Project 90 lights up rural households

Richenau mission station

Gary Fahy, our renewable energy and energy efficiency consultant, has spent the last few weeks installing renewable energy in a remote area of Kwa Zulu Natal. He and his team have been installing solar lighting kits in 50 extremely poor rural households, a hydro project for the local school at Richenau mission station and a solar tracker system at the Durban Botanical gardens. This is all part of Project 90’s renewable energy demonstration sites project. He sent us an email update earlier and we thought his experience was well worth sharing.

A happy resident with her new solar lighting kit

 “Things have been a little crazy lately. I am running on adrenaline at the moment! It’s been a tough few days and there are still many more to come. I’m up at 5am each day and on the road by 6, first collecting the guys working with us and then heading out to site. This involves dodging cattle, pedestrians, dogs, chickens and taxis, then driving through rivers, over mountains and along rocky cliffs. It’s been a bit like a camel adventure. We almost got stuck (and came unstuck!) a few times, which was especially stressful with expensive equipment in the back of the bakkie.  We have also got lost on many occasions, since my GPS does not seem to be comfortable with rural roads. And this is before we even get to the site! 

The houses

“Once we arrive at the site, each house is a unique challenge.  The walls are made of mud and the roofs are constructed out of thin sheets or thatch in most cases, so installing equipment requires a great amount of patience and creativity. The houses are far apart and some are situated on steep mountain side so walking back to the car when we forget something (which happens a lot since we are carrying sixty two thousand different tools) is not easy.  It’s also very hot and there are no shops or taps nearby. I’m sunburnt, I fell off a ladder this afternoon (actually it collapsed under me, I didn’t fall) and I have several cuts, stings, bruises and bites. 

Solar panel for the lights

“Then at the end of the day, we have to pack up and take another 2 hour journey back through rough terrain, this time in the dark, to drop everyone off and get back home. So when I eventually get home I just fall straight into bed. I have never worked harder in my life, and we still have 26 of the 50 systems to install!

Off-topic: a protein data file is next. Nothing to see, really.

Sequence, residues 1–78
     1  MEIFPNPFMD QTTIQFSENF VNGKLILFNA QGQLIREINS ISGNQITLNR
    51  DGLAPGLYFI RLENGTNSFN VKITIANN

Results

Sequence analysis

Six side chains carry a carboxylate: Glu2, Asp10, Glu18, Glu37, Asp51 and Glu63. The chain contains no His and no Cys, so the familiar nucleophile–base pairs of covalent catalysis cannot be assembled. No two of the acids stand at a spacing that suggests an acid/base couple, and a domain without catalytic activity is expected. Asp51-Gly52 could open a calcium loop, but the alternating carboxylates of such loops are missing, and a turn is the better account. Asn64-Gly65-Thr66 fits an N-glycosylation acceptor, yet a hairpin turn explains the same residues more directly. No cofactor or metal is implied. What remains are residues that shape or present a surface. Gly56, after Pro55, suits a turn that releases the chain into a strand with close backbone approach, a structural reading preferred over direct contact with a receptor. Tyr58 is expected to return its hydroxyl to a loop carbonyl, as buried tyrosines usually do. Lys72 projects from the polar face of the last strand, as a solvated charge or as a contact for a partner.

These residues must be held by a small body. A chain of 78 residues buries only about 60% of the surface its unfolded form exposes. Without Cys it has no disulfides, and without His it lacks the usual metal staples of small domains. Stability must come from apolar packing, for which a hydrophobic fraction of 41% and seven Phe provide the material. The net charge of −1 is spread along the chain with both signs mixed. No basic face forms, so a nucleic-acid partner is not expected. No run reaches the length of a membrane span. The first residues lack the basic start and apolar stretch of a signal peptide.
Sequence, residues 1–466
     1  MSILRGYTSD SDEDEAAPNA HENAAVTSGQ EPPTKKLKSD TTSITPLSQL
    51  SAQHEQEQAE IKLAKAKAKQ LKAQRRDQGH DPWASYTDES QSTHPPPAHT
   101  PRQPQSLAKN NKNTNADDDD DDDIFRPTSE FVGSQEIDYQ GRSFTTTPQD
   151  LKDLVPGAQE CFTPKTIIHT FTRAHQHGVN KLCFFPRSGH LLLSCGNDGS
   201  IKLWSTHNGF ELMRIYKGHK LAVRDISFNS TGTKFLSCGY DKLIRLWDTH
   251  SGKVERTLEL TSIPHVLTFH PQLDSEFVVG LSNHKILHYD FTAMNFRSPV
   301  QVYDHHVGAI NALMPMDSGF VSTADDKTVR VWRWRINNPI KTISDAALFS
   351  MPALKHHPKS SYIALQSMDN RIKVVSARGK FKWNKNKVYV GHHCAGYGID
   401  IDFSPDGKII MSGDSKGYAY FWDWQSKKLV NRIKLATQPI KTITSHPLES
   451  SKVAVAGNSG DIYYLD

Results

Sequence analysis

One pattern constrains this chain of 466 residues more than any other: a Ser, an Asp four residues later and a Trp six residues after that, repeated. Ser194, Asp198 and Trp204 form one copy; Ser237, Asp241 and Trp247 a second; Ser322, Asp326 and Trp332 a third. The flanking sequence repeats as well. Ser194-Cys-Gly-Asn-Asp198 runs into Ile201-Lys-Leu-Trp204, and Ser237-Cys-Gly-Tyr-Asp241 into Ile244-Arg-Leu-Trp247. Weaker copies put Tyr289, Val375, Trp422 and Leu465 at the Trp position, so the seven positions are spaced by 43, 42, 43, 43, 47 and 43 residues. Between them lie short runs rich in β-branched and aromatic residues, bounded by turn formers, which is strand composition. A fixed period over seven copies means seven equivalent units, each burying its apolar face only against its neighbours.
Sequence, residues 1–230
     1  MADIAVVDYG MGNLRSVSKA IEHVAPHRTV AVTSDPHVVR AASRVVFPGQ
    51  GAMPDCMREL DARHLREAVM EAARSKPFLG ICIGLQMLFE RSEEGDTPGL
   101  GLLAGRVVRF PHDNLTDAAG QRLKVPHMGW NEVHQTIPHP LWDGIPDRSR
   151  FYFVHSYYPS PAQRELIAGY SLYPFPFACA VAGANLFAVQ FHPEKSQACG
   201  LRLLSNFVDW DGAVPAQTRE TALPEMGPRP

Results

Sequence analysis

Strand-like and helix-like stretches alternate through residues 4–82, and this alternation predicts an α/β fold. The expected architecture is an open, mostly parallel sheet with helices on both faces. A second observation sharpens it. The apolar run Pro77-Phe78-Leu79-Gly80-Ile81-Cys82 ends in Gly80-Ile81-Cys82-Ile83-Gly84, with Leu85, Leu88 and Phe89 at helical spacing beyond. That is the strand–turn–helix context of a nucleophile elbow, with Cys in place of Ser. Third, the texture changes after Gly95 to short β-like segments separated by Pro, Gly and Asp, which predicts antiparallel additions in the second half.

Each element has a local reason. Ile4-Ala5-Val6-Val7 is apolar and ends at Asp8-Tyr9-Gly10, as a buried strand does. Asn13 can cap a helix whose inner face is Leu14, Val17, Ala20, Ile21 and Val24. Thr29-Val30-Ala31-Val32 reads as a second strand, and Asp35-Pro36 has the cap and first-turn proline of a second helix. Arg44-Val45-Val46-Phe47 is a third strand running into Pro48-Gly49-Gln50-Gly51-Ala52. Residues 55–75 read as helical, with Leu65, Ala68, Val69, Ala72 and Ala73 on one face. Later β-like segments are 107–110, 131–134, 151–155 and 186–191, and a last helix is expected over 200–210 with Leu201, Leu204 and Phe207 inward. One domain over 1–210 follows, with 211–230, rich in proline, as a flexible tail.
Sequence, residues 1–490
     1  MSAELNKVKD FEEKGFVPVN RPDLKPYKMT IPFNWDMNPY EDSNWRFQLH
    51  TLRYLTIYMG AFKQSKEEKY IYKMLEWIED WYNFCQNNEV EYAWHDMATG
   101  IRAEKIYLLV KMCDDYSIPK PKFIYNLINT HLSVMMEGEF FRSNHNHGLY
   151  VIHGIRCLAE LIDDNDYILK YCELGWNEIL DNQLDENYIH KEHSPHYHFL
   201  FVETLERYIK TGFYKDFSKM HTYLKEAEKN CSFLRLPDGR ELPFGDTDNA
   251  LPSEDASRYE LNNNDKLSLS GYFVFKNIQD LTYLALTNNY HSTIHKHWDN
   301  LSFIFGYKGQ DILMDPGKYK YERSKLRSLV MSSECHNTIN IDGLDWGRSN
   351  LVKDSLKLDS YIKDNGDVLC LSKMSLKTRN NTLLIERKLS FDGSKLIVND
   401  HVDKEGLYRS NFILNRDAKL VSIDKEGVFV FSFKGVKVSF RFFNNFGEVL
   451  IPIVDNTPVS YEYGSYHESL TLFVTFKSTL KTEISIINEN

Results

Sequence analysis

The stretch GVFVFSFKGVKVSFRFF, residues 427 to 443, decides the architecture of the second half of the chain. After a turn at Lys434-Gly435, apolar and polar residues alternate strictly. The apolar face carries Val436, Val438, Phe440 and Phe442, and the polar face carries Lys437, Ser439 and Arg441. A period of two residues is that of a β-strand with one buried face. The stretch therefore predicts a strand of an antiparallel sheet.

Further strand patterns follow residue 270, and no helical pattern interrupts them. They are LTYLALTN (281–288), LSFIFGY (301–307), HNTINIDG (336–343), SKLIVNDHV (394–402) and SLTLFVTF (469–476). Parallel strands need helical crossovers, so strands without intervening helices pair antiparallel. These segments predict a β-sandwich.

Turning on the light

 “But seeing the residents’ expression when they turn on their lights (the very first light they have ever owned) it makes everything worth it!! One lady came out of her hut yesterday and started dancing and singing! It’s just priceless, and makes every hair on my body stand on end. 

Dancing with happiness

“The guys we have working for us are complete legends. They are getting a very good crash course in renewable energy, and I will call on them wherever I can in future. The same can be said for the guys at the local school who have helped. Not only are people getting lights for the first time, 5 or 6 very poor people are getting a great opportunity to get involved in a blossoming local industry. I have committed to ensure that these guys stay involved with renewable energy supply one way or another.”

Well done to Gary and his team, and we look forward to hearing about your next adventure.

4 responses to “Project 90 lights up rural households

  1. Looks great, guys! But – terribly South African thought, I am afraid – are panels installed at that level not very vulnerable to theft? And is it possible to get a sense of how much illumination is provided?

  2. Hi David,
    The community where the panels are being installed is very small and rural, so hopefully theft won’t be a problem. And to answer your question, each panel can power three 6W LED lights.

  3. oliviaandrews

    Hi David, I also just found out from Gary that all the bolts used for the panels are glued in with a special glue to stop them from being stolen.

  4. This is really impressive – well done Gary & team, and Project 90×2030!

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